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Communication, your key to success

March 1, 2019

two people talkingCommunication is the key to your success

There is no one greater skill that will boost your career and job satisfaction.

From my observations, individuals who listen well and understand the positive outcomes of conflict resolution are well respected and considered good communicators. People who empathize with others and have positive body language are good communicators.

To communicate well means you understand the other person, that person understands you and your presence is inviting and sincere.

Here are some highlights of what to consider when communicating with others.

Body Language

Every day your body language influences the way you are perceived and heard. Facial expressions, posture, movements, attire and eye contact influence your ability to express yourself with confidence and continuity. Roughly 70% of communication is nonverbal!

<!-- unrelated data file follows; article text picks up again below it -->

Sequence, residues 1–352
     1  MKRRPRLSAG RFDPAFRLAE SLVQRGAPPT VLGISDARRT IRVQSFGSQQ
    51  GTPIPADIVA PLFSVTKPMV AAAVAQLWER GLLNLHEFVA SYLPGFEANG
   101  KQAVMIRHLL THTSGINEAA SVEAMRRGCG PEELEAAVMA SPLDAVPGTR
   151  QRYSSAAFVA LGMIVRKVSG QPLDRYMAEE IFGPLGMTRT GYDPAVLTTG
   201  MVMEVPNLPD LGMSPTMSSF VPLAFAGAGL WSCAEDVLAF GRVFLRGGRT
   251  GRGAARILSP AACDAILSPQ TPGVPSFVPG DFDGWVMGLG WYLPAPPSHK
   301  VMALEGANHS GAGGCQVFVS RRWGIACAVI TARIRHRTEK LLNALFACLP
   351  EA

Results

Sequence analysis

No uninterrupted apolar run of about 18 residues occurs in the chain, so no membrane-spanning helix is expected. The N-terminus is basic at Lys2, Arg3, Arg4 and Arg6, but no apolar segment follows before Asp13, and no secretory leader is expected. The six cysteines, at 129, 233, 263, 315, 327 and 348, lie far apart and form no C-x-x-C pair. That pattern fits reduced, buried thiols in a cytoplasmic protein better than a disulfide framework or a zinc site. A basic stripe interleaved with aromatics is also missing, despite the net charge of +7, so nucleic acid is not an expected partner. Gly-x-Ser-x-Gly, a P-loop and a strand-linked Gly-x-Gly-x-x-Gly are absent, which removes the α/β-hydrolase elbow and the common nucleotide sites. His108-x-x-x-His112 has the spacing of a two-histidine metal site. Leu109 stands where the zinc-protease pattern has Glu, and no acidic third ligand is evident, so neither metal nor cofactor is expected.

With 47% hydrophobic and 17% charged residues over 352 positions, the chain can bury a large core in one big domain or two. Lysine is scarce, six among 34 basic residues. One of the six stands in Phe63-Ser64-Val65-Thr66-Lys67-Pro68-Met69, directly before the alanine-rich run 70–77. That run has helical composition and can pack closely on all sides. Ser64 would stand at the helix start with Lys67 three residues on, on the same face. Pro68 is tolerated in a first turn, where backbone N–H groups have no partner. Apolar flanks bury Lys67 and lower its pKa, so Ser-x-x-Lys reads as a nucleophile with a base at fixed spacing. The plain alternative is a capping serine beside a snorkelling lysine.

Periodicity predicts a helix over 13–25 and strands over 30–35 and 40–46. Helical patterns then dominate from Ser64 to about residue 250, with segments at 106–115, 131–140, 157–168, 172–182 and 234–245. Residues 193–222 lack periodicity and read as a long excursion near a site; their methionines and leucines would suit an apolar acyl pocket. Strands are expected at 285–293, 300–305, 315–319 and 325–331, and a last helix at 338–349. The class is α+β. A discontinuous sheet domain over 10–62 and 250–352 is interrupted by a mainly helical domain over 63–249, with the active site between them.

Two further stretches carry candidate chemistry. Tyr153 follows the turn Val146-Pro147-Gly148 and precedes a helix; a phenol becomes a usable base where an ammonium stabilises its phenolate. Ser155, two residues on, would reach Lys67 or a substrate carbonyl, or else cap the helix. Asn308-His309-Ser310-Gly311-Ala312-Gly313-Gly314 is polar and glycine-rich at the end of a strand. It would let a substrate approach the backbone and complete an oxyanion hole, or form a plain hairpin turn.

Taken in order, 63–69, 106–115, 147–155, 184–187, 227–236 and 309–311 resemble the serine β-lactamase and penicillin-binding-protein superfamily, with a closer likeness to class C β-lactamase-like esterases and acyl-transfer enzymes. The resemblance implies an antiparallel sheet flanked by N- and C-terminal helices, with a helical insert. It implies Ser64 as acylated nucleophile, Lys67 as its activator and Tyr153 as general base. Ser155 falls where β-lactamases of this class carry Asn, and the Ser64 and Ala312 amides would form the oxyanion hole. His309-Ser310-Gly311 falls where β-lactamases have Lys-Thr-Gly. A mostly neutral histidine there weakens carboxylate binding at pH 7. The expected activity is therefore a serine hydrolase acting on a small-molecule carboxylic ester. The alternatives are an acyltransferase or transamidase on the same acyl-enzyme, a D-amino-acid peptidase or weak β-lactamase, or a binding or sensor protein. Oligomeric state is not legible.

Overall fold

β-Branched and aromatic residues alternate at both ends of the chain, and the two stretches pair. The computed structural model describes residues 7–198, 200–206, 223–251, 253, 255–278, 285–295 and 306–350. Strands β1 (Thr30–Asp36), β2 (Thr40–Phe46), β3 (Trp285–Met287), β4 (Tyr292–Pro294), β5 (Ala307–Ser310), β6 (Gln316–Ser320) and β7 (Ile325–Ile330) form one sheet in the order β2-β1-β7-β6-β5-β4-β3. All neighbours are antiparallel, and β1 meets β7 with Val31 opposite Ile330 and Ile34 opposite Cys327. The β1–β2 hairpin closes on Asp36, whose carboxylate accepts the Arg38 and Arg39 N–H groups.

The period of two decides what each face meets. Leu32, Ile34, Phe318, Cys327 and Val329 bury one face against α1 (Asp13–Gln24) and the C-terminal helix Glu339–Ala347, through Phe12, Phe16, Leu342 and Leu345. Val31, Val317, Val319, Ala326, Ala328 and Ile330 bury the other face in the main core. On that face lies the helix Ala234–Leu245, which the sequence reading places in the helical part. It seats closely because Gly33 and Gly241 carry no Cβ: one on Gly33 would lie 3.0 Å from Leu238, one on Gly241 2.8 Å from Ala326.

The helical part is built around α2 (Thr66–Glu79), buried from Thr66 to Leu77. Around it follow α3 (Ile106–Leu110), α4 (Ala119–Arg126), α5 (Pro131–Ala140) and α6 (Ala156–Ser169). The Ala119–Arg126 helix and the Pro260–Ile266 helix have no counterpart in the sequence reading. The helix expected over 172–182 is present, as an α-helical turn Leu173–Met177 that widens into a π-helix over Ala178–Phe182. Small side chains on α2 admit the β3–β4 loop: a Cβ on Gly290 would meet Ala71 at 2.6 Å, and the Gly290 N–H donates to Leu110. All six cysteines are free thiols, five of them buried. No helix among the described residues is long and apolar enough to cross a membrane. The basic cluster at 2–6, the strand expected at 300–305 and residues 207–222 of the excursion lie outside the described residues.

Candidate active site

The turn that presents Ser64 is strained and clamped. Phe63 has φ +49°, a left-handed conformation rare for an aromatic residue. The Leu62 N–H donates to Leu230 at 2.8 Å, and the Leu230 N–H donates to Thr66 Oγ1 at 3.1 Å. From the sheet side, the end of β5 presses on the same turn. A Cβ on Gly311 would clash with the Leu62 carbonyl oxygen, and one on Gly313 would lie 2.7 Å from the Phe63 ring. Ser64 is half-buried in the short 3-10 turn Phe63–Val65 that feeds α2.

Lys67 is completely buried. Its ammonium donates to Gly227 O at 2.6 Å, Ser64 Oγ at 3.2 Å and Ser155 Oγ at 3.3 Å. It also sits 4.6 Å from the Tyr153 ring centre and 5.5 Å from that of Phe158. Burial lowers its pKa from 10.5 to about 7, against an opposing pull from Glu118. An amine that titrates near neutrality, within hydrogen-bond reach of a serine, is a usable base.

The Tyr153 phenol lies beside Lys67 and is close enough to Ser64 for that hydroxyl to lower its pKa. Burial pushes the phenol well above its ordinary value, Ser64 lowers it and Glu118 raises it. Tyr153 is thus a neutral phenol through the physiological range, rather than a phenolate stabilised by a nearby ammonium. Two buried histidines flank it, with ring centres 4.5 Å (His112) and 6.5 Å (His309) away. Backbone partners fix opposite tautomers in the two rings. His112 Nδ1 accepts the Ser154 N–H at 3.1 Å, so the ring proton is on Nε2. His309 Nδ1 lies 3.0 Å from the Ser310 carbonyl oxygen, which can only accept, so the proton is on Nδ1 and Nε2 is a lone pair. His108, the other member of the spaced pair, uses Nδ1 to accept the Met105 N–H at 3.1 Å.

“Studies indicate you have 4 seconds to make a good first impression on those you come in contact with. And this is used as a yardstick for all future communication by those whom you meet. You can’t make a good first impression through your words alone. In fact, nonverbal communication is between 60 to 75% of the impact of a communication. But despite being the most important aspect, body language is also the most misunderstood and misinterpreted. You could be making the most wonderful compliments or praise to people, but it’s difficult to gain their trust or approval if your words contradict with your body language,” reports Kevin Hogan, PsyD, a leading expert in body language, persuasion and sales.